African style head scarfs are both a cultural and decorative accessory that can be a practical way for people of all cultures to do their hair. Tying an African scarf, also referred to as a Gele, takes practice, but with so many different options, the possibilities are endless. Scarves come in several colours, patterns and materials; either match the fabric to your dress, or wear a brightly coloured headscarf with a neutral outfit for impact.
Fold a large headscarf into a triangle shape. Place the long edge of the triangle over the front of your forehead, pulling the ends to the nape of your neck, under your hair. Tie an initial knot; pull it tight to hold the scarf snug across your forehead. Add hair clips to hold in place if necessary.
Pull the edges of the scarf up to the top of your head. Twist the ends several times as you tuck all your hair into the scarf. Cross the two ends and tie into a loose knot at the centre top of your head.
Wrap the ends of the scarf under the fabric sack containing your hair and lift the sack up. Tuck each end of the scarf under the knot at the top of your hair, arranging until it is secure. Pull the ends of the scarf through and flair them out.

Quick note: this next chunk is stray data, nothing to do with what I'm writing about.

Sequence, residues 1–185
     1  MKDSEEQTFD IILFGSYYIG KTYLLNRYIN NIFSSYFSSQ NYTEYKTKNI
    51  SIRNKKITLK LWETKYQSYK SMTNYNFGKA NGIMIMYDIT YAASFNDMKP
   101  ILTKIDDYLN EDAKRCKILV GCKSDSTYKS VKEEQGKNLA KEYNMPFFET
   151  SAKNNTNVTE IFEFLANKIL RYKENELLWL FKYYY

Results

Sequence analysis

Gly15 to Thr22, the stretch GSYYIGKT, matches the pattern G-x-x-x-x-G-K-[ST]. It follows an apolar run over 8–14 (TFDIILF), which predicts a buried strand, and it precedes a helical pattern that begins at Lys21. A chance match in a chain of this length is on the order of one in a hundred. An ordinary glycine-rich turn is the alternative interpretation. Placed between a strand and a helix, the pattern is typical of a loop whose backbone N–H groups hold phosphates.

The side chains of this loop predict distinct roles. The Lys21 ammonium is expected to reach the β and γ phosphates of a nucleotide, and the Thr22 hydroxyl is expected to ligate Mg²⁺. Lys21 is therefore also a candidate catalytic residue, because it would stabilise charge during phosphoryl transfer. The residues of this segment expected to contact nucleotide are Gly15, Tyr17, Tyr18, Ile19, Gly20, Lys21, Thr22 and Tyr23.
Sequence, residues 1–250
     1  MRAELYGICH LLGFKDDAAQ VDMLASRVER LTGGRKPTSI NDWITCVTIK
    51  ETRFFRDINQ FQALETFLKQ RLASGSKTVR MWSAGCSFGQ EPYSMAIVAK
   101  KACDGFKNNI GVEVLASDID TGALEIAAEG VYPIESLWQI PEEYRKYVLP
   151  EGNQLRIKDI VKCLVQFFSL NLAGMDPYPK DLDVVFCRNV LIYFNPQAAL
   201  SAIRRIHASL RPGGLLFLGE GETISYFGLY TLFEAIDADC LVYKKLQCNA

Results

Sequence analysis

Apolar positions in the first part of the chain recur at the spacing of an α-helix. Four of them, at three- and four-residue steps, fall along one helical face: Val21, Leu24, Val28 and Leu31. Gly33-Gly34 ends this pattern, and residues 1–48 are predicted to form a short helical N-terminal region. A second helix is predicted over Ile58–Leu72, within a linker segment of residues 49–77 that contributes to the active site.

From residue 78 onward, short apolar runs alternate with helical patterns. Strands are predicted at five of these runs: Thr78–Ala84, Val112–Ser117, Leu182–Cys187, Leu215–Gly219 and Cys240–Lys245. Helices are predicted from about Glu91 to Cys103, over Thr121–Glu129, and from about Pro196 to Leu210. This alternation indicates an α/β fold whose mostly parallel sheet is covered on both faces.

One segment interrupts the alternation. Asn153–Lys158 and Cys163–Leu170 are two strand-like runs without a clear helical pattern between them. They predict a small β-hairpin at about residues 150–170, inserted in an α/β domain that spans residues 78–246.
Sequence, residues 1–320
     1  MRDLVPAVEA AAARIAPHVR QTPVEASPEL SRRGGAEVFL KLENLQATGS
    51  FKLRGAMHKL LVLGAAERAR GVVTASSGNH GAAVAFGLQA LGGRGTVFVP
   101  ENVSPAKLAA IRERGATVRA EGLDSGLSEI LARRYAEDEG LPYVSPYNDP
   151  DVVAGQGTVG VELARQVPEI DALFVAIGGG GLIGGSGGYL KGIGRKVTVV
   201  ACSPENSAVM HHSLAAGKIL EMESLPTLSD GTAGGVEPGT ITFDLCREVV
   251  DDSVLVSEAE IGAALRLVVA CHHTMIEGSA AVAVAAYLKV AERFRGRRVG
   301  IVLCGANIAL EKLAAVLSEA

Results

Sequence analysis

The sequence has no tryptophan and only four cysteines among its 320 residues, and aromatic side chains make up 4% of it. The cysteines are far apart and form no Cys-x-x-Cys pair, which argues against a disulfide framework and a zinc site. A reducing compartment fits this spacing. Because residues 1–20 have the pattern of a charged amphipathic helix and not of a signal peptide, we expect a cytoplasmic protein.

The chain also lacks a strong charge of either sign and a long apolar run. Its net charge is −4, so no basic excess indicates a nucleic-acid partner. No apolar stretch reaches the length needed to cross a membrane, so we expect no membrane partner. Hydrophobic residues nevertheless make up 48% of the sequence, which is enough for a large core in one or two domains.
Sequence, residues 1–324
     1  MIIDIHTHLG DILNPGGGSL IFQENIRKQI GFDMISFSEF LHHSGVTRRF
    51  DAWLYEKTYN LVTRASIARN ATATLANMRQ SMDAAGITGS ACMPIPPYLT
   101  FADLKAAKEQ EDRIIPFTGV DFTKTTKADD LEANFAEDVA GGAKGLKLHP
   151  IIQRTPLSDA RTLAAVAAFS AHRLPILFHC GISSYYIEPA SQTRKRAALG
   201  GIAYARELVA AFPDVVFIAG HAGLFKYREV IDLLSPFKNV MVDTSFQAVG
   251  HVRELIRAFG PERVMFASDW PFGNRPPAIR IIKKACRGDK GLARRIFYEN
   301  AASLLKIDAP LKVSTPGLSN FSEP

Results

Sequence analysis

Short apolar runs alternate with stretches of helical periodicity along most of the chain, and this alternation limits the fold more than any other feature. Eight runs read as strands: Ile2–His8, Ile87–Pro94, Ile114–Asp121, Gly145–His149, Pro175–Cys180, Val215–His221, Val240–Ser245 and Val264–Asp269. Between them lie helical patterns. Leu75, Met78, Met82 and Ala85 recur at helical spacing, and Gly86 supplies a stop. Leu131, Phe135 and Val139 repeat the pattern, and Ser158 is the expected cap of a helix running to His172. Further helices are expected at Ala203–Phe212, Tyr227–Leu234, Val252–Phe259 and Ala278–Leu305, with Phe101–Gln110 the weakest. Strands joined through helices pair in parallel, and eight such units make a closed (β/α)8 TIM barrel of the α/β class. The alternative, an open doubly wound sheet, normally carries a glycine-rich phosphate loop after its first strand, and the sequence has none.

Add another scarf for colour. Fold a piece of fabric into a 6-inch-wide piece. Wrap around your forehead and tie under the nape of your neck. Pull the edges up. Twist several times and then tie into a bow at the side of your head near your ear.
Use spray starch to keep scarves crisp for best results.
Avoid tying your hair into the knots of the wrap. This can damage your hair.
Tips and warnings
- Use spray starch to keep scarves crisp for best results.
- Avoid tying your hair into the knots of the wrap. This can damage your hair.